But, as we all know, and which I repeat enough to sound like someone with anterograde amnesia: question-writing and subject distribution is an incredibly difficult thing to get right. One man's bread-and-butter is another woman's rat poison. And what do I know? I terrify people with my quizzes. I have no idea about the pain I conflict without knowing it. And, certainly, there is no real injustice to scream about with regards to the Grand Final's question difficulty; all that's needed, as ever, is a bit more finessing and care and everything will be la-dee-dah lovely.

Finally, cultural bias. Seeing as one of our top contenders was American would there be any anomalies in the geographical specificity of the questions Nancy and say, the contestant who preceded her (Mr. Ian Bayley) received?

(Bear in mind, I counted up while slightly brain-tired and sleepersome at 2.45am, so these "stats" may well be faulty)

Well, Ian got eight heavily* or noticeably** Britishised questions and, I thought this was weird, not a single American (or North American) question. Nancy got seven heavily or noticeably Americanized questions (including Gila Monster, because Gila is a pretty famous American lizard and is named after an Arizona river) and one Shakespeare question (Falstaff) and one that was almost British (the River Boyne in Ireland). So she basically got a WQC-knowledge set and Ian got the QLL ones.

Anyway, none of that bias really matters. As I've said, her GK questions were just as hard as Ian's. Plus, Nancy had already fought through two rounds (and therefore two Britannicised-up GK sets) of the competition, putting away a trio of impeccable specialised subjects, and done all that I had outlined in the first three paragraphs of this post (and much kudos on the Fritz Lang selection).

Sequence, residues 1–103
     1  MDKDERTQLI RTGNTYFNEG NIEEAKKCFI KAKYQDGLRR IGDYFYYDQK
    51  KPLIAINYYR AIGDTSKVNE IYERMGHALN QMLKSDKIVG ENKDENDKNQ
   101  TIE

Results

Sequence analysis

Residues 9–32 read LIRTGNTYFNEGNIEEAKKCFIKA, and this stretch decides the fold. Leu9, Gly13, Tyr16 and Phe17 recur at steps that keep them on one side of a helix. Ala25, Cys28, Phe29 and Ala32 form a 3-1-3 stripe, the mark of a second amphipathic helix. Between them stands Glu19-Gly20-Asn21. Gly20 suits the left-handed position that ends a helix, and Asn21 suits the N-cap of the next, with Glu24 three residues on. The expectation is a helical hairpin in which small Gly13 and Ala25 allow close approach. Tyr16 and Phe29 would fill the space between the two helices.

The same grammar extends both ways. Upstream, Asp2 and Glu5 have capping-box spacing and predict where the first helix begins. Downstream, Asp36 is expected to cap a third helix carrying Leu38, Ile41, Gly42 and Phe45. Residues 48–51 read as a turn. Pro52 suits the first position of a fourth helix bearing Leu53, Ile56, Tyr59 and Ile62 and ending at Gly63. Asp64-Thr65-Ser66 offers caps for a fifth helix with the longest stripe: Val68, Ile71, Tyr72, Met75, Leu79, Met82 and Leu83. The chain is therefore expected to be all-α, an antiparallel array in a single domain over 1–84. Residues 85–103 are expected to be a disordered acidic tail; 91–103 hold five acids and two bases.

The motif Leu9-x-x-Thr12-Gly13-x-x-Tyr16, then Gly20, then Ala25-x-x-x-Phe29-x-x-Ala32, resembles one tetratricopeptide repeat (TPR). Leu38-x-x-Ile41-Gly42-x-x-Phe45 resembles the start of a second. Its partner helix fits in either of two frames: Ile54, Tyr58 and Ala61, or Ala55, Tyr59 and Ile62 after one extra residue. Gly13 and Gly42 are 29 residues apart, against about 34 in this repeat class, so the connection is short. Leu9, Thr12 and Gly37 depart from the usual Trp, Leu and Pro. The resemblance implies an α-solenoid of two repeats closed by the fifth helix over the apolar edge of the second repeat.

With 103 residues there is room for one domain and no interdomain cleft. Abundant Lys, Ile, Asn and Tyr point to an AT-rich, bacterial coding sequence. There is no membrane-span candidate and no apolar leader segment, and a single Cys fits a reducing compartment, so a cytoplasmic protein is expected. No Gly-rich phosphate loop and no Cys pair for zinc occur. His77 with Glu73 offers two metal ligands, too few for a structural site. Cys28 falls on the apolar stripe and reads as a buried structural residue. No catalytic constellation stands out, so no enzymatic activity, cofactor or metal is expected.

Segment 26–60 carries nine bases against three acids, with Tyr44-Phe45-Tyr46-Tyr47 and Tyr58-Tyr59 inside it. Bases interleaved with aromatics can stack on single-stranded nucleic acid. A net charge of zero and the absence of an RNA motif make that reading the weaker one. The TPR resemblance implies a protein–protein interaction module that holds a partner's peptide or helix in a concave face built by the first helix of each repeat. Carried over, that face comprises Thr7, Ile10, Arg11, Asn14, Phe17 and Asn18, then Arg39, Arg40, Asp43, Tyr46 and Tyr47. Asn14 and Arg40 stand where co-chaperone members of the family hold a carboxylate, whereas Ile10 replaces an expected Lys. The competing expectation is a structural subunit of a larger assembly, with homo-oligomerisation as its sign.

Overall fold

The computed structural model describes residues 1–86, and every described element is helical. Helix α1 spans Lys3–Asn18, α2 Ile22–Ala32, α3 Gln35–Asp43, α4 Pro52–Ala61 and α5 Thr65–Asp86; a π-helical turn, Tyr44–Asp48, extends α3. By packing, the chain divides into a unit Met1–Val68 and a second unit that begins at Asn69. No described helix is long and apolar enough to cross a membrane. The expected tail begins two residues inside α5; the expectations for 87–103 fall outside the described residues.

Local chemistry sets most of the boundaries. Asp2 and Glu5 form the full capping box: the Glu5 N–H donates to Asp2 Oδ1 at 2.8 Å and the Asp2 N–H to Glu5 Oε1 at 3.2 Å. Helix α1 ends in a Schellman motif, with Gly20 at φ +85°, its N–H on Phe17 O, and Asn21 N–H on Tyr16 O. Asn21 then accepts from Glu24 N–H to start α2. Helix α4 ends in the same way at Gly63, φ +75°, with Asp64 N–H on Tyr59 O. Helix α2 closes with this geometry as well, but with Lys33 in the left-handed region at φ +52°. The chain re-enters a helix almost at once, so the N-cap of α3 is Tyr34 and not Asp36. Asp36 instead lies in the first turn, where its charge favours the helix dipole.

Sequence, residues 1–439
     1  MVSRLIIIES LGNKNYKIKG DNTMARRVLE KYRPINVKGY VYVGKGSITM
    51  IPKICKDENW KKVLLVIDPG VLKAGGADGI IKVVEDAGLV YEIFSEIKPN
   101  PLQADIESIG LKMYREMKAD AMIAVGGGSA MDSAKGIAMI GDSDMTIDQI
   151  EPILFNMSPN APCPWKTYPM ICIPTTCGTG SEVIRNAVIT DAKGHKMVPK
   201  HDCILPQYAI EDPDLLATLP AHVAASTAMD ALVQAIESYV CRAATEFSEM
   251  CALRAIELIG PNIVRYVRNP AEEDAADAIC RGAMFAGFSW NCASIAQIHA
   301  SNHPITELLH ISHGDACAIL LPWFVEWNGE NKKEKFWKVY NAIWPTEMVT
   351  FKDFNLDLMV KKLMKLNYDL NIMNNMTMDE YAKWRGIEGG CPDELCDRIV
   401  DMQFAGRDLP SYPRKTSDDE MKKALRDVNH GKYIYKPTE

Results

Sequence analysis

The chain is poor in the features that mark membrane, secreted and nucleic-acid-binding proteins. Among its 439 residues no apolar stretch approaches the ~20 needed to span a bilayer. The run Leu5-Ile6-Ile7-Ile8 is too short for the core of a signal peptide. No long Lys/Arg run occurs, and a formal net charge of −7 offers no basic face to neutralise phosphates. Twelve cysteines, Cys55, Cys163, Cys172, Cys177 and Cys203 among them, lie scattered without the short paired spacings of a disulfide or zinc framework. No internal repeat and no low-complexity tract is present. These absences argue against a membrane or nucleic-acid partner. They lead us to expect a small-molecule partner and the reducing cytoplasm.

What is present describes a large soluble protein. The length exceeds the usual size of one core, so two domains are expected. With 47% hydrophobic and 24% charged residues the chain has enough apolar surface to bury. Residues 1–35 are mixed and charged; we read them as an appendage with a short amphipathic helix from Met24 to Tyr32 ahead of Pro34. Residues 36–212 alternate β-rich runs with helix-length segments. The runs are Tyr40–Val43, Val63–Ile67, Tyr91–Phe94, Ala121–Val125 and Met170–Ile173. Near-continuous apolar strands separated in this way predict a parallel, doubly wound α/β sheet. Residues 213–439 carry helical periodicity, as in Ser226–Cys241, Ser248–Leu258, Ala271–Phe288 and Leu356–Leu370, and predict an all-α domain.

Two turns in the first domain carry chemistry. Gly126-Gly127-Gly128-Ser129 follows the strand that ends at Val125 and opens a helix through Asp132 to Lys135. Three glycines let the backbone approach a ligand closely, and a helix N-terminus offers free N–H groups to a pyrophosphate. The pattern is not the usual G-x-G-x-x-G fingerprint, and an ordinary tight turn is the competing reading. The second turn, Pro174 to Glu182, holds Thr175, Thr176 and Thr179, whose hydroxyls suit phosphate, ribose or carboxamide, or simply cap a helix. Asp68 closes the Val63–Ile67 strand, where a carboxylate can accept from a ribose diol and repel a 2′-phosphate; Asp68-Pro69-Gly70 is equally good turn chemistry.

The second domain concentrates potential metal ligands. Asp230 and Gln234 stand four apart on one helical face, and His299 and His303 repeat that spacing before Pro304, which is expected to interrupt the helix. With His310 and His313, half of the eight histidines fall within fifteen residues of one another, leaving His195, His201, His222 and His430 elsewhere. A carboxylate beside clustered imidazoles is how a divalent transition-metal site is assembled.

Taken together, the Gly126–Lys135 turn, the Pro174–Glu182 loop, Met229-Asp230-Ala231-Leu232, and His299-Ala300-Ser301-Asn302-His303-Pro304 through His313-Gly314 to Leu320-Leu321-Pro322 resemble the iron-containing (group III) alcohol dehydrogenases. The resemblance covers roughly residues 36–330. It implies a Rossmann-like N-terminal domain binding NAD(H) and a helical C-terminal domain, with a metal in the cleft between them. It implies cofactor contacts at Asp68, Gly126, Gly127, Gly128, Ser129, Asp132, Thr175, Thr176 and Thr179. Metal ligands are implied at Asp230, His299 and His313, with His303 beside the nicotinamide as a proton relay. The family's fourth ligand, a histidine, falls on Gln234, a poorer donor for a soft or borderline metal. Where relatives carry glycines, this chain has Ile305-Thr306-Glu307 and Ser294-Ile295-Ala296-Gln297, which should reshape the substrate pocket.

When people look at the record books, all they will see is that Nancy Dickmann was the 2009 Mastermind champion (2008 if you want to be confused by the actual recording dates), while everyone who watched the thing will know that she fully deserved it.


** mentions a UK (or US) person, place etc in the question
* is about something/someone from or in the US/UK

3 Comments:

Anonymous Anonymous said...

Here's a quiz:

http://quizible.com/quiz/world-cinema-quiz/4860

It's a toughie on world cinema - how many can you score?

3:46 PM  
Blogger Nancy said...

Wow Olav, thanks for the glowing review! Coming from someone with your credentials, it means a lot. Do you think you'll have another go at it sometime?

3:14 PM  
Blogger That Quiz Guy said...

Noooo, I think I will work on a quartet of specialist subjects for three or four years, then do it. Hopefully, if I talk about it enough for the next FOUR years then I will scare away everyone of my quizzing acquaintance from doing the series I happen to choose. Mwaha-ha cough cough splutter... excuse me.

Actually, I'm not sure I can do it at the moment due to my freelance employment by BBC-broadcast shows (I already get idiotic accusations chucked at me about colluding with quiz show contestants on internet forums). They've got a lot stricter with regards to participation rules for the "serious" quizzes. But then again, I wasn't going to try my luck in the near future, so what the hey...

8:57 AM